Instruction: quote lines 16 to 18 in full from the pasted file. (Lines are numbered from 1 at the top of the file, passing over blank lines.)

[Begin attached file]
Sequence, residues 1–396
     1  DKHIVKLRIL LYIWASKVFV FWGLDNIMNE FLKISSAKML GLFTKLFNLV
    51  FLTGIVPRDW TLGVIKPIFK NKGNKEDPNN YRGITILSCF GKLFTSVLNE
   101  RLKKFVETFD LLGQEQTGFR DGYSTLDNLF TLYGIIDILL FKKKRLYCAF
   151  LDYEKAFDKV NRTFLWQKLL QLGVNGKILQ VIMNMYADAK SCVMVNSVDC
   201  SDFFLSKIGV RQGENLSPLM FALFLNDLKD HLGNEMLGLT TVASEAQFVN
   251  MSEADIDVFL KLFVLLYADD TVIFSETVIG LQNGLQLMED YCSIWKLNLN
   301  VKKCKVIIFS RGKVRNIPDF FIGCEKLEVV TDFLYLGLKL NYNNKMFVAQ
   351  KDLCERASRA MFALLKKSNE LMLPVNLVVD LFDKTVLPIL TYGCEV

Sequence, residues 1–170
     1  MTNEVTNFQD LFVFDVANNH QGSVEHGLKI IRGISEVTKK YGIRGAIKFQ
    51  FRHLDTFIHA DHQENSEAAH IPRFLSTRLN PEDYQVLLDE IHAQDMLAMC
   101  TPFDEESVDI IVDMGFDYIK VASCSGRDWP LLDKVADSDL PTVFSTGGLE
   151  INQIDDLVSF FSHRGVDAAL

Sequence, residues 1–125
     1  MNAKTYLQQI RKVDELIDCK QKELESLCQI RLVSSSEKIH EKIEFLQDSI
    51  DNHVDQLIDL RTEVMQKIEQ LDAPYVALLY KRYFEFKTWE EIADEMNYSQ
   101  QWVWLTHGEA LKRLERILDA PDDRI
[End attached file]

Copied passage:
     1  MNAKTYLQQI RKVDELIDCK QKELESLCQI RLVSSSEKIH EKIEFLQDSI
    51  DNHVDQLIDL RTEVMQKIEQ LDAPYVALLY KRYFEFKTWE EIADEMNYSQ
   101  QWVWLTHGEA LKRLERILDA PDDRI